conme nauseated with it. and1 thlat
this is inring the cause of public
educatnin. If' it h e true that the
friends of' the public schools are' in
danger of breaking them down by
ca~rnecstly' and conitinuailly' wceca
fle/ public education, is it niot to
be supIposed that the Obs'r""r wvill
stre'ngthen and build up the South
CarAlia U.niversity, to which it is
unalterably opposed, by earnestly
and continually coo1m/ it ? If
our friend's theory b)e correct, it
ought to work both wax's.
3Ir. Corcoran, tile W~ashiington
banker, is said to glory in the fact
that his f'ather was a shoemaker
and to treasure the 01(1 cobbler's
sijgnboard among his choicest pos
Ih:.wrn-Siowl:ns .AN FINE CROPs
-C-.n: 3D'r,-MIATARY IN
The health of our town is good.
Willoughby Reade is billed for
this place 28th "May.
The rbiquitous Drummer is
scarce in our land now.
C. F. B., of the Obser,,r, has
been sick, but is out again.
Ifcsrs. Fditorsyou are especially
inlviield to come to our intellectual
feast of Jine 1 1-12.
I'ev. Mr. Williams of the Baptist
church, lectured in Grace church
Sunday night, on China. It was
Mr. Adam Boland died Saturday
Another land mark gone, another
link broken in the earthly chain in
31r. W. S. Birge and Bro. have
sjld several reapLis and binders
and are now taking orders and tele
(grapbing for thresheis. Doc
knows all about a reapcr.
The annual inspection of the Pal
metto Volunteers of Prosperity
takes place to day, Capt. W. and
the boys say they nre ready for the
The Prosperity Democratic Club
meets next week to elect delegates
to the Co. Convention. Our town
is visited every day by candidates,
and our arms are getting tired.
New buildings are going up and
"all are doing all that in them lies"
to make our town prosperous,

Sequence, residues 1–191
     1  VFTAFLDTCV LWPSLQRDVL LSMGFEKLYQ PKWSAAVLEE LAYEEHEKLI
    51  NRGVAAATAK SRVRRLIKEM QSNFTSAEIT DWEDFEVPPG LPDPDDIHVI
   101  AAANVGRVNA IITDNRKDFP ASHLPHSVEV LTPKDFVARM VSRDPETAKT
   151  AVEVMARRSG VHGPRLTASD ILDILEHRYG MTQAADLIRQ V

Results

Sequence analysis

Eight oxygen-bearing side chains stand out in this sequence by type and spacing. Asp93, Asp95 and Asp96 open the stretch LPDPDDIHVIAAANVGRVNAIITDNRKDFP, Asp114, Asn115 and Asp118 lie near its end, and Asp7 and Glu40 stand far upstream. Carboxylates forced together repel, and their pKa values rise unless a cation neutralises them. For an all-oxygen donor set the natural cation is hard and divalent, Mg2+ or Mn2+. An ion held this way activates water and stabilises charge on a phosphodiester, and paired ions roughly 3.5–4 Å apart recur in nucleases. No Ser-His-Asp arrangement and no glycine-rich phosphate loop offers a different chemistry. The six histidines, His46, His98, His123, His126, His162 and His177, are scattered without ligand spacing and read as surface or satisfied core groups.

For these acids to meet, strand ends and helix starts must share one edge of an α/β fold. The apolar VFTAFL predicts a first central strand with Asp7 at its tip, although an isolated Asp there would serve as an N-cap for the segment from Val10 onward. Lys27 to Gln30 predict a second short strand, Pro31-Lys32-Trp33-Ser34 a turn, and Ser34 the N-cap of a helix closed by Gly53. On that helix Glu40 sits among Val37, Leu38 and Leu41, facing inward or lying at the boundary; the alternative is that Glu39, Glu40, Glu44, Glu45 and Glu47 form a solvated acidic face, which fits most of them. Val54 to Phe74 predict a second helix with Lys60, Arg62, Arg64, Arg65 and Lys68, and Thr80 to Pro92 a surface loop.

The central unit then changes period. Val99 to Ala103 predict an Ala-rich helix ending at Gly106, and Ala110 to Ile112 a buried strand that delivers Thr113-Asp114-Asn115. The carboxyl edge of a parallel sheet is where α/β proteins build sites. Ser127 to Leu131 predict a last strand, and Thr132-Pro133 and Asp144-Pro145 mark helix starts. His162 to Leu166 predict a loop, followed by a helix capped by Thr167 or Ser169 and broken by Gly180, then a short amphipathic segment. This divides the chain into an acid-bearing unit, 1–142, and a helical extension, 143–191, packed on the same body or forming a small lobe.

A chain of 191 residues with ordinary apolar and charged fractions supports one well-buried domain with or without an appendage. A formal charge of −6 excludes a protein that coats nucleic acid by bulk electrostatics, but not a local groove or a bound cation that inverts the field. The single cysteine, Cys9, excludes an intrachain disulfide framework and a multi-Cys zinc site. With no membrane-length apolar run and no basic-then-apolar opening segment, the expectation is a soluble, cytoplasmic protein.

healthy and happy. All are invited
to come and make one in our midst.
Mr. Levi Slawson and wife of Sil
ver Street moved into town last
We are rejoicing in a nice rainl
I and crops are looking fine. The
farmeis are beginning to harvest
their grain. They think the yield
will be a full crop. On a ride this
a. in. I saw sonic of the finest
wheat that has ever been grown in
this section. Cotton is looking
fine. Corn is not doing so well,
the heart worm has been killing a
great deal of it.
A Good Raia-Candidates Afloat-Imprcve
ments in our Town-First Communicn
Service of the New Church-A New
Church Bell-A Visitor-Closing
of the Locust Grova School, &e.
This section was visited with a
nice rain on Sunday morning, which
was somewhat needed.
Th'le candidates. at least some of
them, are beginning to go around,
conumneing so soon it surely will
be a good long round before elc-.
TIhc farmers are beginning to cut
their ;'heat this week. which all
rep)ort is very fine, the oat crop not
so good. now and then you will see
a field of fine oats. A good wheat
and oat crop adds greatly to the
interest of thle farmer.
We notie with pleasure a good
miany of our citizens white-wasb
ing~ their out buildiugsadpalns
and some are using the paint brush.
We think this is a move in the right
direction. and we hope it will be
carried oin until every house in our
town will put on a bran new aip
pearance. W lben every house in town
is p.ainted, it makes the town ap
pear larger. and show to better ad
The first comniiioni service that
was ever held in the Methodist
church of our town camne ofT on the
evening of the :hl1 Sunday. Rev. 31.
M. Bord, familiarly known as Uncle